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Open Letter Calls For Social Media Platforms to Eradicate Online Hate Speech

UK advertising leaders sign an open letter calling for social media platforms to step up and prevent online hate speech once and for all.

When England defied all expectations and rose to the final of this year’s UEFA European tournament, we knew that emotions would run high. With millions of Brits watching the final on Sunday night through trembling fingers, we all felt a post-lockdown injection of joy was long overdue. Unfortunately, with a slap in the face that England fans are all too familiar with, the game was lost to Italy on penalties.

By pure coincidence, the three players who missed their penalties happened to be black. Marcus Rashford, Bukayo Saka and Jadon Sancho – talented young players whose nerves got the better of them. Nothing more.

However, with the disgusting racism that still poisons English football rearing its ugly head, some fans didn’t think this was a coincidence. These people proceeded to launch a tirade of racist abuse towards the three young men online, littering the pages of Twitter, Instagram, Facebook and Snapchat with racist slurs and emojis.

This is unacceptable. Many of us know this, but sadly many do not. Time after time, people get away with posting abhorrent comments, be them racist, homophobic, xenophobic or otherwise. This needs to stop. Over time society has moved forward and become better at acknowledging and stamping out racism, but there is still a long way to go. Unfortunately, you can’t silence hate speech in one fell swoop.

online hate speech
Marcus Rashford // Courtesy of BBC

This is where social media platforms need to step in. UK advertising leaders have taken the initiative of signing an open letter to Facebook (who also owns Instagram), Twitter and Snapchat calling for changes to be made. If we can’t change the minds of people who spout hate, then the first step is to remove the platforms from which they spout. Between March 2019 and March 2020, only 2% of UK hate crimes were flagged as being committed online, yet online spaces are where we most frequently witness them.

Among the hundreds of leaders who have signed the letter are Christopher Kenna, CEO and founder of the Brand Advance Group; Annette King, U.K. chief executive of Publicis Groupe; Ali Reed, U.K. CEO of PHD; Kerry Chilvers, brands director for Direct Line; Jerry Daykin, EMEA senior media director for GSK Consumer Healthcare; Meg Farren, CMO of KFC UK and Ireland; and Jeff Dodds, chief operating officer for VirginMediaO2.

Calling out the platforms, the letter points out that when it comes to online racism, “it’s not just a question for the social media platforms but those who fund them as well.” The letter goes on to state that, “brands,agencies, trade bodies and civil society organisations who work closely with teams and players have a voice, opportunity and responsibility to not stay silent.”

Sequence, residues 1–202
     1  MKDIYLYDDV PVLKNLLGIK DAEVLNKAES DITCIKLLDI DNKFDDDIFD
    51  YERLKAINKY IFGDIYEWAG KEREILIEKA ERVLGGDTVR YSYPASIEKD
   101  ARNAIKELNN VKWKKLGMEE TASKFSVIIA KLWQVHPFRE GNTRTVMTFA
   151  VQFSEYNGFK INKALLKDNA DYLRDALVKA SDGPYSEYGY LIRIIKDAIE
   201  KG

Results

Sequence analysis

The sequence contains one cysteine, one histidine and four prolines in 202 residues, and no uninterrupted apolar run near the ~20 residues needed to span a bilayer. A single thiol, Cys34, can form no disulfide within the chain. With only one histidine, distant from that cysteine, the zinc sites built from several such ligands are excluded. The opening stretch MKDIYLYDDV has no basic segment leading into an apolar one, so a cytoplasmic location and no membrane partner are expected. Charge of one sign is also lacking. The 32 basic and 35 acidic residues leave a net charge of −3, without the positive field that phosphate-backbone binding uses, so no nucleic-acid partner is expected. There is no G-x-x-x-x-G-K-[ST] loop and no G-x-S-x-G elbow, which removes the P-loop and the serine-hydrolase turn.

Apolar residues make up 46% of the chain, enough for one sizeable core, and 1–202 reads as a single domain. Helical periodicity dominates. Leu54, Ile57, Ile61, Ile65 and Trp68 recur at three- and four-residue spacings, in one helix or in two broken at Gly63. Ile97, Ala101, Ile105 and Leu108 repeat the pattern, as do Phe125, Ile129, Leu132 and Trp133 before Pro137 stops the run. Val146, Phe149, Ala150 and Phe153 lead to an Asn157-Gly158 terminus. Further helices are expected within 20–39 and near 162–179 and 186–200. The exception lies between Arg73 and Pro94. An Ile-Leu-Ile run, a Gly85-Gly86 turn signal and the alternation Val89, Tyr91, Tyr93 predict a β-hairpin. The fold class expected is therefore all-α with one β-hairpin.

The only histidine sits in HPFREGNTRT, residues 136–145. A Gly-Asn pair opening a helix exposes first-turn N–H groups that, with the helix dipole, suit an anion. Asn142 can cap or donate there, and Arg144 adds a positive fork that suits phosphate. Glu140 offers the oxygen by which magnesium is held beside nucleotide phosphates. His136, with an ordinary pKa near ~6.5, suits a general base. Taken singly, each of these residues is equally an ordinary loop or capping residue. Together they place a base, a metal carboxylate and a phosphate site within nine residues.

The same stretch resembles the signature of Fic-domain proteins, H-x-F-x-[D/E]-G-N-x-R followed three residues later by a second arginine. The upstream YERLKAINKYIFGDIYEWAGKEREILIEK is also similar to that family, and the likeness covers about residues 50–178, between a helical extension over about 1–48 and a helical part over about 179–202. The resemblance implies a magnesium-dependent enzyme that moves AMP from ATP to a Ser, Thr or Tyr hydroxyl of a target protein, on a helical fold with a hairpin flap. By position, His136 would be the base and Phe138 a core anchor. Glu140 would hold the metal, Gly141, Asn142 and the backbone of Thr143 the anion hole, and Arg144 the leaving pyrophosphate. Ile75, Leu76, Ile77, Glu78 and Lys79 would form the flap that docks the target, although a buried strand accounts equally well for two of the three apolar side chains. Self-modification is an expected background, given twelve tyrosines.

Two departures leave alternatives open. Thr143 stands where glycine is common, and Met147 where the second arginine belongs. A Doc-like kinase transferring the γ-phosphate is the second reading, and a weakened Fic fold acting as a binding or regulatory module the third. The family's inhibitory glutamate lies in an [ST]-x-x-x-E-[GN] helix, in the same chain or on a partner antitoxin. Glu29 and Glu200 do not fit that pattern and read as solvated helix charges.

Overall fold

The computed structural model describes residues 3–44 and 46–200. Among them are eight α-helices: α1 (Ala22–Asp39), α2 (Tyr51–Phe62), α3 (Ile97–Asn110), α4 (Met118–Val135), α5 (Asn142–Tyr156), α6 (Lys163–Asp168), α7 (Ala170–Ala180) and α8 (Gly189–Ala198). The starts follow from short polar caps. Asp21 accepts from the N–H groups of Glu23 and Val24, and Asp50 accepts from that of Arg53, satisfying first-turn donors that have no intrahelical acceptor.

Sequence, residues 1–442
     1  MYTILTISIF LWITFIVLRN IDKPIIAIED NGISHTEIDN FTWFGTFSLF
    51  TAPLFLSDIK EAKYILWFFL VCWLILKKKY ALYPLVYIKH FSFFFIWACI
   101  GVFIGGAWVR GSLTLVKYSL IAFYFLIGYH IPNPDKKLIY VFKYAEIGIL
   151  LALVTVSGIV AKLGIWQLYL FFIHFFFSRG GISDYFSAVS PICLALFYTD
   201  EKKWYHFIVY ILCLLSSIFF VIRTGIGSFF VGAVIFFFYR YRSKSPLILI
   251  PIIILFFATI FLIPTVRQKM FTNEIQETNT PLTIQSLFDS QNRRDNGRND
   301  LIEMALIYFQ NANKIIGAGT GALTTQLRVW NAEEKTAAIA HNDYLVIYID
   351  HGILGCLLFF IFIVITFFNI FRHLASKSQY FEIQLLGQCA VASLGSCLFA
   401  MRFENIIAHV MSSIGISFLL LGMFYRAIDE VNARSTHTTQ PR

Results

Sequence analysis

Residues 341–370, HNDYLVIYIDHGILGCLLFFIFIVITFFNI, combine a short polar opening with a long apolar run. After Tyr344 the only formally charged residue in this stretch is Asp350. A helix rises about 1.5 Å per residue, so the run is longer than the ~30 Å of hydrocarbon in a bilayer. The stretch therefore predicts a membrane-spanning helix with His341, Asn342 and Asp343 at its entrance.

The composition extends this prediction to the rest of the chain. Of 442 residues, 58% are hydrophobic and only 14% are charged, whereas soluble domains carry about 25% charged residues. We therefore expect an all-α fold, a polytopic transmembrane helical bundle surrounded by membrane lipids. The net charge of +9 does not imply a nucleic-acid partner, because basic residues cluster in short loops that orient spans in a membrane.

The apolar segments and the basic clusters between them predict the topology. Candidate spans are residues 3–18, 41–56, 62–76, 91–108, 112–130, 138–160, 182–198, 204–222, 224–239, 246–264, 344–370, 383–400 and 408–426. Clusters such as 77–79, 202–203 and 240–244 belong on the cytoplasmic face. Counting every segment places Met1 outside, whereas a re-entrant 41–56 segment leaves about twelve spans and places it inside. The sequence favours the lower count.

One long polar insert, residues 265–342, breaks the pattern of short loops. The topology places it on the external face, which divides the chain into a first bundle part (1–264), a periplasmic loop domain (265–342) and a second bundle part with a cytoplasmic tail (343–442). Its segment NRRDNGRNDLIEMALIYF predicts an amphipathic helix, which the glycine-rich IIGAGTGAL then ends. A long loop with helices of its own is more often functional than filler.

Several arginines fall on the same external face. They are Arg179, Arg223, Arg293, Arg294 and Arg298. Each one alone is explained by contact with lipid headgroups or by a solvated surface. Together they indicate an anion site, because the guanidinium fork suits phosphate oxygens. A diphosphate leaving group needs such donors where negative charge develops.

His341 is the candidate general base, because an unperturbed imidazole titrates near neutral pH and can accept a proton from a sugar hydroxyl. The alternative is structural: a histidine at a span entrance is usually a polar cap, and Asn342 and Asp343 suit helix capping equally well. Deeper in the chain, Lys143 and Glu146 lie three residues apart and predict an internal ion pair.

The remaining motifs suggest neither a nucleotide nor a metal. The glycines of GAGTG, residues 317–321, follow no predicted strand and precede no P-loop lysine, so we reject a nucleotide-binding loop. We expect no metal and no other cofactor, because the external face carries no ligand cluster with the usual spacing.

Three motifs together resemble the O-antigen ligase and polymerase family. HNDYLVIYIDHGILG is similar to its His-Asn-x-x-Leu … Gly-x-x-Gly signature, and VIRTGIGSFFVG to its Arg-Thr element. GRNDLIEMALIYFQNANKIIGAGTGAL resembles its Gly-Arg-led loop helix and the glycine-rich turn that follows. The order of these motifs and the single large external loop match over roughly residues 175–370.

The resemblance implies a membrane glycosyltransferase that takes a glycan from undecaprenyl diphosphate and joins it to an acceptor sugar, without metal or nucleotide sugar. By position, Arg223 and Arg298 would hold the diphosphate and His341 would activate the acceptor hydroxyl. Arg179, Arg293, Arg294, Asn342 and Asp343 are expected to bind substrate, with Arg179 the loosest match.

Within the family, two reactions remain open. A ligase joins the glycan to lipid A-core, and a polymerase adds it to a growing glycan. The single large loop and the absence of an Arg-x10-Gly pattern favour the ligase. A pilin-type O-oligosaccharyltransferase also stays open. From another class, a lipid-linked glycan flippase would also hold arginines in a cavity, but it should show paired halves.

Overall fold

online hate speech
Photo by Jeremy Zero

Actions are also specified in the letter, stating that these platforms must, “Publish updated hate speech policies, that include the use of emojis, to support your zero tolerance approach.” Such actions will ensure that hate speech that would not be tolerated in person cannot continue to be tolerated in online spaces. There are also other calls for tighter restrictions on anonymity, such as the government petition started by Katie Price to make verified ID a requirement for opening a social media account. This prevention of anonymity will ensure that those who write abusive content online can be held accountable for their actions.

The aforementioned Christopher Kenna has been a champion of inclusivity and diversity in the advertising industry for several years. Kenna tells us, “As soon as we lost the game I knew, like all people of colour, that this was going to turn into something else. This was the perfect opportunity for racists to show their true colours. The absurd number of racial slurs and monkey emojis online made me feel sick. Racism just has to stop and we need to change things for the sake of our kids.

“Advertising as an industry needs to stand shoulder to shoulder with its consumers and these are the people that are being abused. I’m so pleased to see all the signatories of this letter stand up and be counted.

“Social media platforms now need to step up. These companies need to clearly outline their policies on hate speech and enforce real consequences to perpetrators. Online spaces need to be protected and moderated. If you write something about COVID then these platforms can pick it up straight away – the technology is there to call out abusive language.

“This letter doesn’t answer the problem, but it’s a rallying cry to make change. If this stops even one monkey emoji from being posted then that’s a win.”

See the full letter below with a list of signatories.

online hate speech
Gareth Southgate embracing Bukayo Saka // Courtesy of BBC